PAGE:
Earlier in the week, we were joking about the death of the QWERTY keyboard after seeing LG’s new low-tier slideout device called the Enact. We even wondered during the DL Show if there was a chance that we would ever see a DROID 5 since it has been well over a year since the DROID 4 made its debut. And what do you know, before the weekend could even arrive pictures of a new QWERTY device made by Motorola and headed to Verizon has made an appearance. (more…)
Yesterday, Verizon approved Jelly Bean for the DROID 4 as build 98.72.18, but as is typical, Motorola sent the first wave of updates out to members of their feedback network (soak testers) this morning. And since that happened, the file has been pulled and made available to everyone with the device.
We have instructions for you below, so if you do not feel like waiting for the update to be pushed to your device, feel free to jump below.
Moments ago, Verizon approved the Jelly Bean (Android 4.1) update for the Motorola DROID 4. The update introduces Blur build 98.72.18 and will carry almost all of the Jelly Bean goodies that one can handle. It won’t have lock screen widgets or some of the other features added to Android 4.2, but you will finally have access to Google Now, a better keyboard, advanced notifications, and amazing Voice Search.
Motorola and Verizon also updated graphics and smoothed out transitions, made personalizing the home screen easier, and improved voice, data and hotspot connectivity.
We knew the update was on the way as Motorola invited owners of the phone into a soak test of the software last week – we just weren’t sure when the update would happen. While we haven’t heard of the soak test rolling out, this is likely a sign that it’ll start at any moment. Once that goes down successfully, the rest of the DROID 4 owners could see the update within a week or so.
Update: Verizon has announced that the update will start rolling out in phases on March 19.
The update is 356MB in size. (more…)
The DROID 4 may be the next in line to receive Jelly Bean (Android 4.1) from Motorola, if invites to a soak test for members of the Moto Feedback Network are any indication. A number of readers of ours received invites last night to test out a “early preview of a new software release,” though the words “Jelly Bean” were not necessarily mentioned in the emails. (more…)
When Motorola first unveiled the new RAZR family at the beginning of September, they told us that they wouldn’t be able to update all of their previously released devices to Jelly Bean (Android 4.1). Since they had too large of a portfolio and would need to leave some out of the fun, they mentioned that owners of these devices would be able to buy a new Motorola phone and then trade in their old phone for $100. They posted the list of devices, this afternoon, which we have below. (more…)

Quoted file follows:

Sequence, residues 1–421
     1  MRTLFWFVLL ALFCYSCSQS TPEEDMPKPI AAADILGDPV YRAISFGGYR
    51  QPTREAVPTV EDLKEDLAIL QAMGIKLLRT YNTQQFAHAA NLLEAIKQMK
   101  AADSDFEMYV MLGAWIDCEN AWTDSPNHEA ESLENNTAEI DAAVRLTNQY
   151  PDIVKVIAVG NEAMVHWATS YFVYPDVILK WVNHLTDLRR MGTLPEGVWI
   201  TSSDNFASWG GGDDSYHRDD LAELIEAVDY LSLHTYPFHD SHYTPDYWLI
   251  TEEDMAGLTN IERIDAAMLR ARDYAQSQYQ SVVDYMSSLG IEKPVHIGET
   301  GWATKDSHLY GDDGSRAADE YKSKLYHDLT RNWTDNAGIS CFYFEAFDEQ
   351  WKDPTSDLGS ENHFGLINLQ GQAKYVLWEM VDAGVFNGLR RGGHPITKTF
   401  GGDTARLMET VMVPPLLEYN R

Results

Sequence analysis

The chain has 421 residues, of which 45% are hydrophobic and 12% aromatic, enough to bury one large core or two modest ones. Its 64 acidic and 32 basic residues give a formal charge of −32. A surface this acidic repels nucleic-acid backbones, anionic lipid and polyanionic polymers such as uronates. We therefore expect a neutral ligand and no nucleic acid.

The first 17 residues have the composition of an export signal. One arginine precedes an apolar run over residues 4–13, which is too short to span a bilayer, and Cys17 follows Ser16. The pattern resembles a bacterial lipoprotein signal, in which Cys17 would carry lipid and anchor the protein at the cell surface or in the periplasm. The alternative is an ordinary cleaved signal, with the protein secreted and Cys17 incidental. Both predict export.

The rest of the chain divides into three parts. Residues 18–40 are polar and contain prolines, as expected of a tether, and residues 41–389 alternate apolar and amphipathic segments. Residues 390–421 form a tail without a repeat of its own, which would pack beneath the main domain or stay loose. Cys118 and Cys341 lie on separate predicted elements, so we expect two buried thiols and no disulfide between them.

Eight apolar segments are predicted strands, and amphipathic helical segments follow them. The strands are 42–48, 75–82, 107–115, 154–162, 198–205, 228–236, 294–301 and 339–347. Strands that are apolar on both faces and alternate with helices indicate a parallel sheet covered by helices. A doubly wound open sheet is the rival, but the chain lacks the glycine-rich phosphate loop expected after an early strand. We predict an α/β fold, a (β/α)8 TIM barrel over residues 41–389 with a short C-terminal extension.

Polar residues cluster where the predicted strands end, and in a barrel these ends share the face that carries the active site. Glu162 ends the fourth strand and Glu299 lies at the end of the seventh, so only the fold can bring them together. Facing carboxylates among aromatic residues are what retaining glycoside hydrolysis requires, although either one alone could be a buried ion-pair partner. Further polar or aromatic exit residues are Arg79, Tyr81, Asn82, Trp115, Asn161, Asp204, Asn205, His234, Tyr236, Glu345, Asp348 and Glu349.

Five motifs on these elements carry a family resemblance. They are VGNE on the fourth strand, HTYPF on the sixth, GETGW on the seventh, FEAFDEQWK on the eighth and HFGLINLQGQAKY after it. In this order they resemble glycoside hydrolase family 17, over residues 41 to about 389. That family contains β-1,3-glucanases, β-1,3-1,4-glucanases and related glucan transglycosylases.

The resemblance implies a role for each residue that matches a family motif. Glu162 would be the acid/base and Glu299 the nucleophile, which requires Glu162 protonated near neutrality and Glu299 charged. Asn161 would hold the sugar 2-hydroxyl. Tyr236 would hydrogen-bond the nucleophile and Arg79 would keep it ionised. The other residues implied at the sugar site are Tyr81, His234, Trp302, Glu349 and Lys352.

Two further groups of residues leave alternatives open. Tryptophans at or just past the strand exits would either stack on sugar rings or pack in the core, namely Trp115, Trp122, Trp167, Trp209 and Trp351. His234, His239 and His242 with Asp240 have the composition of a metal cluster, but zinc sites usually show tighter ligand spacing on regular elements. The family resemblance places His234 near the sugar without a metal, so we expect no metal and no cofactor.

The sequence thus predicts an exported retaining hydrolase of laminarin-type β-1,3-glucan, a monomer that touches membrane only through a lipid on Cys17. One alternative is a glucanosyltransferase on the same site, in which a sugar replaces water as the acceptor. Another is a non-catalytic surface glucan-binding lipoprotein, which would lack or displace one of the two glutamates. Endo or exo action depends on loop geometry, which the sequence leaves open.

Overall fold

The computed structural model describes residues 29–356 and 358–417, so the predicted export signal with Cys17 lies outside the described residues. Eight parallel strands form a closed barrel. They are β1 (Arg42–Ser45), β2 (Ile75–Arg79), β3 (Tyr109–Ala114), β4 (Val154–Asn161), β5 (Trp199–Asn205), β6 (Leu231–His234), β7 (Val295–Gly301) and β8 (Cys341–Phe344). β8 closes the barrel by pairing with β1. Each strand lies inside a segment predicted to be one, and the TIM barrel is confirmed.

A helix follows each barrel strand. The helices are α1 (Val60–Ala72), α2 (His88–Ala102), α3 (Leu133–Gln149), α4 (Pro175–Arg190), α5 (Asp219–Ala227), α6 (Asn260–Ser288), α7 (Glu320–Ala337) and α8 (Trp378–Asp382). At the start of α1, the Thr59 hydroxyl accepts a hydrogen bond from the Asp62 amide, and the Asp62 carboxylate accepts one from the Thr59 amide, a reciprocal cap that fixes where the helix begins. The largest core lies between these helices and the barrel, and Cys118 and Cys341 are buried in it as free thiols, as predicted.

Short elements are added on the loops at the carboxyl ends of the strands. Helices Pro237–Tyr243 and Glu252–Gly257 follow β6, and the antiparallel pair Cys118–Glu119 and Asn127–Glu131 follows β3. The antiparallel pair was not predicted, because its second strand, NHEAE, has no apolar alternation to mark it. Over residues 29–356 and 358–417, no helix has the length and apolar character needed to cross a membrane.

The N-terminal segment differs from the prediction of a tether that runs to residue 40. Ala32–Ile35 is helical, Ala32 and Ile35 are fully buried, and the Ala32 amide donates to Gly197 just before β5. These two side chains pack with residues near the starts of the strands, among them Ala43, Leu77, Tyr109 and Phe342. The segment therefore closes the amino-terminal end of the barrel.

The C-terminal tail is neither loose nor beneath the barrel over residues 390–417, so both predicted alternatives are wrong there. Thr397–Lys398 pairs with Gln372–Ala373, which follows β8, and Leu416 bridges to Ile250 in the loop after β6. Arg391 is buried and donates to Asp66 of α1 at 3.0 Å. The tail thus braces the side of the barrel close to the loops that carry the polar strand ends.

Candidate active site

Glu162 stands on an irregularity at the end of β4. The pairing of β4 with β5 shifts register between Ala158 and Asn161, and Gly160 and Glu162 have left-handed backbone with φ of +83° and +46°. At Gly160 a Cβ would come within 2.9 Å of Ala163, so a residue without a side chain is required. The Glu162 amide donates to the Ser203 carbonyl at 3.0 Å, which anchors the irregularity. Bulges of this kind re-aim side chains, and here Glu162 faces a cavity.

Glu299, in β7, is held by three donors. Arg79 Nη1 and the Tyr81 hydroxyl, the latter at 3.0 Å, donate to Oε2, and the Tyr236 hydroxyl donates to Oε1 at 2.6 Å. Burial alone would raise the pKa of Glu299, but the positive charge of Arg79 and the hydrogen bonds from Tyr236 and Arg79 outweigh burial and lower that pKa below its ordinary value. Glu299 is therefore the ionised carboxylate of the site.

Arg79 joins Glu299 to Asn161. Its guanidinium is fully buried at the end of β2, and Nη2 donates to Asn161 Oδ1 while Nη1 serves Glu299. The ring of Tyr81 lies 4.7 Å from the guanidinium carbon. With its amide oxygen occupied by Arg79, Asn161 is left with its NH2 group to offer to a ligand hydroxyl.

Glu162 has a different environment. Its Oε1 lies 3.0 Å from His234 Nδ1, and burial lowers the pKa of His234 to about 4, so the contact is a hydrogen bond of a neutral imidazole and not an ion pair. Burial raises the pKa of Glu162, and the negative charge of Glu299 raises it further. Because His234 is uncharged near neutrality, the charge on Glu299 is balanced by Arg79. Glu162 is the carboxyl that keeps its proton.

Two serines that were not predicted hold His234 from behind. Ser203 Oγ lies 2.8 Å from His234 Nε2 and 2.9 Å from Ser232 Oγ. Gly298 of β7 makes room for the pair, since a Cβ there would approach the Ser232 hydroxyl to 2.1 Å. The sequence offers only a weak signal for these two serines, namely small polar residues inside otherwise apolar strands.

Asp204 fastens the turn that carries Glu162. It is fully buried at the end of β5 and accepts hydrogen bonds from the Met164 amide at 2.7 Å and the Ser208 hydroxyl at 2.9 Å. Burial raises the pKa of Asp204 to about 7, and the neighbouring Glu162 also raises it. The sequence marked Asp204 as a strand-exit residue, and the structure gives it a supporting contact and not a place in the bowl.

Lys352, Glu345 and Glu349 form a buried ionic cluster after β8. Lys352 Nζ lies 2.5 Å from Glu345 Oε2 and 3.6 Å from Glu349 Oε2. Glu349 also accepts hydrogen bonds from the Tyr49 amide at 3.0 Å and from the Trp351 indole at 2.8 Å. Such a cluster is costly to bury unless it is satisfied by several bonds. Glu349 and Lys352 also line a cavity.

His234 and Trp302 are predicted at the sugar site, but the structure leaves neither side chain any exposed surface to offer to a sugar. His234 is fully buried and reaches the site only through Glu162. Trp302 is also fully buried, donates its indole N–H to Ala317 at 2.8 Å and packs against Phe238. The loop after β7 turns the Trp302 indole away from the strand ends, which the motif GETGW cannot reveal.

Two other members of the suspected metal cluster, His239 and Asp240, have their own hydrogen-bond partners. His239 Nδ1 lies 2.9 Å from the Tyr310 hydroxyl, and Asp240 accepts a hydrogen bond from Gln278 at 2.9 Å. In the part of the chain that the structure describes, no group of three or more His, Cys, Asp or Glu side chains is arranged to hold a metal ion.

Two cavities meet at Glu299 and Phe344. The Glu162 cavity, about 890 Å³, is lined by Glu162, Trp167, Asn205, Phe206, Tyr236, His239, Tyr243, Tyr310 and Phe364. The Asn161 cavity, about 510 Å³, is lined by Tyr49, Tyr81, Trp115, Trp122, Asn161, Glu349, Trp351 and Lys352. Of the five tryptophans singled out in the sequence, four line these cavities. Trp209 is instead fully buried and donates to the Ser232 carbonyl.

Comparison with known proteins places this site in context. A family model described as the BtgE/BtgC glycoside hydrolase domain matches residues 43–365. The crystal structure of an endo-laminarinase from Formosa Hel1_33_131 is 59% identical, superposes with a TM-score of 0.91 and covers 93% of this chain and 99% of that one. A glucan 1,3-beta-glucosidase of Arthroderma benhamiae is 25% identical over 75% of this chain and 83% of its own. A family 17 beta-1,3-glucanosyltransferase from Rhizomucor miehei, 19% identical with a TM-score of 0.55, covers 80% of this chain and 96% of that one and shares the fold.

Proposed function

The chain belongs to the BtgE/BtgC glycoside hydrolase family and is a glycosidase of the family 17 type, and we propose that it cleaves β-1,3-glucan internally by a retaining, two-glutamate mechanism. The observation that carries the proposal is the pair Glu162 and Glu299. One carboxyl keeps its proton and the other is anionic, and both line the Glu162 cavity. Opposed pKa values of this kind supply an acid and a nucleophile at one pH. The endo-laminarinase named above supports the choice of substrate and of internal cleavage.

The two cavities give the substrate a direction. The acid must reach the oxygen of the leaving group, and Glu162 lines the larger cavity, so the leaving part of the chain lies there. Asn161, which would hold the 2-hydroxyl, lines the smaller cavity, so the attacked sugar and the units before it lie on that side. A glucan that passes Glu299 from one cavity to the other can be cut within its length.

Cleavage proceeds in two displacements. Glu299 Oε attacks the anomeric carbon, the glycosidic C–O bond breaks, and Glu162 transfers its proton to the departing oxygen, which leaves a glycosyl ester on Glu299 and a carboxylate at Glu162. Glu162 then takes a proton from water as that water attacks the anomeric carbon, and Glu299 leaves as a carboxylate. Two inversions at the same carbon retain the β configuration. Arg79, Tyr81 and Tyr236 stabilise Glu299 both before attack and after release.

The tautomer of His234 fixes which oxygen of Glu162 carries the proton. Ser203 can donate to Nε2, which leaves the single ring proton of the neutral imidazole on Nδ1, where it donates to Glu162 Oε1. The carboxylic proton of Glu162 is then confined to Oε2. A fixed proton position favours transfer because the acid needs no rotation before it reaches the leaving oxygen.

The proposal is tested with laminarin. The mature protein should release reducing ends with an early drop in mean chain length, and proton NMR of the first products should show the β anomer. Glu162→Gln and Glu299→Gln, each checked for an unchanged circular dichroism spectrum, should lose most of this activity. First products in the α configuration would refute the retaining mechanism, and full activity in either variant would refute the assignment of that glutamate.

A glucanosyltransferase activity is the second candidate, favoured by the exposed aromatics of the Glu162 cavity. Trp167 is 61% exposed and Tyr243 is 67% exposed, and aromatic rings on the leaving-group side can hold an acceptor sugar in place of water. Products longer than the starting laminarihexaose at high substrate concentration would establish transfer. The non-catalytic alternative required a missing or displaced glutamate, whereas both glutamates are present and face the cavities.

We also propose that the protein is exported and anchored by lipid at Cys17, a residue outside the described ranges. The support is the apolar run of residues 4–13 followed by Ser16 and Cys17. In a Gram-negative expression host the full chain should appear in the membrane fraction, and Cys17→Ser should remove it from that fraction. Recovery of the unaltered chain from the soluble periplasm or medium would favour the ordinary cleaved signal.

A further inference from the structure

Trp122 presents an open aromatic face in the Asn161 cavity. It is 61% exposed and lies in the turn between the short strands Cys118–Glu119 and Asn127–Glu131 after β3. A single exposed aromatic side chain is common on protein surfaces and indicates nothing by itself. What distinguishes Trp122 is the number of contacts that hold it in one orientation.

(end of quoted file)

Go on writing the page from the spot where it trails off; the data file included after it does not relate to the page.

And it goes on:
See that little “qe 1/1″ listed on the screenshot above of my DROID RAZR booted into recovery? According to @P3Droid and a variety of testers, this is a root checker of sorts that Motorola has built into the boot and recovery .img files of their current crop of devices, including the RAZR, RAZR MAXX and DROID 4. If you see “qe 0/0″ you are running a device that has never been rooted. If you see “qe 0/1″ you are running a device that was at one time rooted, but currently is not. If you see “qe 1/1″ like in the picture above, you are running a device that is currently rooted. (more…)
Motorola continues to impress their fans going into the weekend with this latest news. The DROID 4 had its build of Ice Cream Sandwich approved earlier this week and we have been waiting to see when it would officially roll out for all owners. The build is the same as the previous leak, .217, and brings the device up to Android 4.0.4.
If you have been waiting for the update head over to System > About Phone > System Updates to see if the update has rolled out to your area yet.
Yesterday, Verizon officially approved the Ice Cream Sandwich update for the DROID 4. Hours after posting the support docs for the update, the soak test for the device went live, a sign that normally means a public push is a few days away. Well, Motorola wasn’t interested in waiting any longer and decided to start pushing the update to non-soak testers yesterday evening.
It doesn’t sound like the update is available to be pulled by all at this time, however, there are tricks you can do to see if you can trick it. In the past, users have had success by clearing Google Services Framework in their Apps manager.